Leeds-based Laura Weightman has been backed to become a “world- class athlete” in 2013.
It could be a statement worth listening to – coming from 2004 double Olympic gold medallist Dame Kelly Holmes – who also expects further stellar progress from Liversedge’s Jen Walsh.
Both girls have worked heavily with Holmes as part of her “On Camp With Kelly” initiative which celebrated its ninth birthday in December.
Making it to that milestone tenth anniversary is next on Holmes’ agenda though the 2004 Athens queen admits her involvement with “On Camp With Kelly” will not last forever with attentions beginning to turn to new challenges.
However, with or without her, the former 800m and 1,500m Olympic champion expects both of Yorkshire’s middle-distance queens to shine – with Weightman, coached by Steve Cram, in pole position after making the 1,500m final at London 2012.
“Laura has done amazing over this last year and a lot of it has to be down to her coach, Steve Cram,” Dame Kelly told LS1.
“Our intervention with ‘On Camp With Kelly’ has only been for four or five years with her –just giving her the education in the sport – and to see her in the final at the Olympics Games at such a young age was amazing!
“She has really catapulted forward this year and that has made her more confident in her own ability.”
Assessing the 21-year-old Leeds Met star’s future, Holmes added: “Middle-distance running in the UK for women is very strong right now so for Laura to be right up at the top is brilliant.
“She has a bright future and now she has got to use her experience in the right way to kick ahead.
“It’s one thing making the team and being in the final but she has got to become world class and that includes the times that you run, the consistency with which you run them in and the people that you beat.
“Laura is an international Olympian and she now needs to become a world-class athlete which she can definitely become.”
Weightman’s chief 2013 goal will be August’s World Championships in Moscow and versatile 1,500m and 800m runner Walsh will be looking to join her.
Walsh did not make last year’s Team GB Olympic team but her progress in 2012 continued and was highlighted by an eighth-placed finish in the 1,500m final at the IAAF World Junior Championships in Barcelona.
Holmes has been highly impressed with Walsh’s development knowing that at 19 years of age the Liversedge runner, who was a late recruit to the sport, still has time on her side.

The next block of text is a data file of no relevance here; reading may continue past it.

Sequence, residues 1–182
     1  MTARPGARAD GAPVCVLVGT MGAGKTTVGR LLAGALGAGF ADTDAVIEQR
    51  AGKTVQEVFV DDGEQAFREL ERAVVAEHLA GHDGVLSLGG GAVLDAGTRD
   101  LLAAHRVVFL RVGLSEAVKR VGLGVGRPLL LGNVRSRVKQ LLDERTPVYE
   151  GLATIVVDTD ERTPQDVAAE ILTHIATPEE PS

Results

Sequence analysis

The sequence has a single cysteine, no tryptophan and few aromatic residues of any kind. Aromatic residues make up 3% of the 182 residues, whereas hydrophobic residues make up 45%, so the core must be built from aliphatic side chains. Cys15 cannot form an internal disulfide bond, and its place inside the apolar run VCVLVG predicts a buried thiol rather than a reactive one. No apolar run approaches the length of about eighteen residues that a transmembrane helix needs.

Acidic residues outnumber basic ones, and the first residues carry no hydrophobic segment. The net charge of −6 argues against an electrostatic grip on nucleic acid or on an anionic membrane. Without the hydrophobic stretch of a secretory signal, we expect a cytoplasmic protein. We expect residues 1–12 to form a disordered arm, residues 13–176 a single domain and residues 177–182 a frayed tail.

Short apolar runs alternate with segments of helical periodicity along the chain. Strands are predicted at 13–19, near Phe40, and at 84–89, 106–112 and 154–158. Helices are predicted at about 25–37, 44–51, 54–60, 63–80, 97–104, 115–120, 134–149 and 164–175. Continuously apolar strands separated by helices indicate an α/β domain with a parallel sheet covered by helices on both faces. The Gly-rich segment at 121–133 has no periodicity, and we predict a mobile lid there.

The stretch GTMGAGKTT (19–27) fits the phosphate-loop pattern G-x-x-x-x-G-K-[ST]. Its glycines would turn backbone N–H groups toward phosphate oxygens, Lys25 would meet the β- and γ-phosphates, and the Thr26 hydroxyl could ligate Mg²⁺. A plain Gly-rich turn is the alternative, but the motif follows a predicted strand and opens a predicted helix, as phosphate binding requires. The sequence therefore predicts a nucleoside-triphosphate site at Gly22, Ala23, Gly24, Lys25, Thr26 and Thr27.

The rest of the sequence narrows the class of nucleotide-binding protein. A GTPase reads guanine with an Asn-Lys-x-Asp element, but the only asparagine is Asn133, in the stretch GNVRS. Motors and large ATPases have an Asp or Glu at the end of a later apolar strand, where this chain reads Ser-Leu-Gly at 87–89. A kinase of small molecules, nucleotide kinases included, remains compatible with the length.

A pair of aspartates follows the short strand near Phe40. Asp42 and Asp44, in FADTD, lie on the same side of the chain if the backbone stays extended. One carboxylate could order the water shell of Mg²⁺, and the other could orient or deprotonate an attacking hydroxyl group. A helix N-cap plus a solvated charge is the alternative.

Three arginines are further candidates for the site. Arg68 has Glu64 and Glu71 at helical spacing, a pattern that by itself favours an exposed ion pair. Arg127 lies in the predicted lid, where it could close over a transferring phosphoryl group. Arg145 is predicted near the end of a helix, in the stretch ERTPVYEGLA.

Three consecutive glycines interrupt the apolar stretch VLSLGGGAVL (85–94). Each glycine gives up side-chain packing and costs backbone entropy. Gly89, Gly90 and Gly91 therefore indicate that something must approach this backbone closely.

“Jen has done brilliantly,” said Holmes. “She is quite an unassuming athlete because when you see her run you wouldn’t automatically think she is going to be this natural-born talent.
“But she has got this sort of die-hard hunger to do it and when you see her training you can see she is just like ‘let’s do it’.
“The last couple of years that she has been with ‘On Camp With Kelly’ Jen has learnt so much. She knew so little when she came into the sport as she hasn’t gone through the normal club structure route like a lot of people.
“But that means she has actually come into it with this kind of naivety which is quite nice and she is learning as she is getting older in the right way.
“Jen is only 19 and seeing how she has developed over these last few years I think she has really set the scene for what she is going to do in her mid-20s and later on.”
Holmes now thinks that key to Walsh’s development will be a 100 per cent focus on either the 1,500m or 800m but not both.
“I think she has to find her niche now and make sure she knows exactly what event is going to be suited to her,” said Holmes. “That’s a grand plan that she needs to solve.
“Then I think we’ll see whether she can make the same strides in the next couple of years in order to make the big one in Rio.”
That Games will mark the third since Holmes strutted her stuff in Athens.
But Holmes, now 42, is adamant she does not miss the competition and is happy for her “On Camp With Kelly” girls to shine instead.
“I don’t miss it and it’s really weird!” laughed Holmes, whose “On Camp With Kelly” initiative also works for Leeds-based women’s under-23 world triathlon champion Non Stanford.
She added: “I’m a lot older now and everyone has to give up at some stage. I enjoyed what I did and while it was hard and emotional it was fulfilling.
“I achieved my objective and dreams and I can’t ask for any more than that.
“Our ‘On Camp with Kelly’ has been going for nine years now and I think it has achieved its objectives.
“We set out to try and transition junior women into seniors and try and make them good standard runners at a national level if not international.
“We have achieved that and I think sometimes you have to almost think ‘okay, I have done that’ and move on to the next thing but it will be our tenth anniversary next January.
“I would like to try and keep it going to that one.”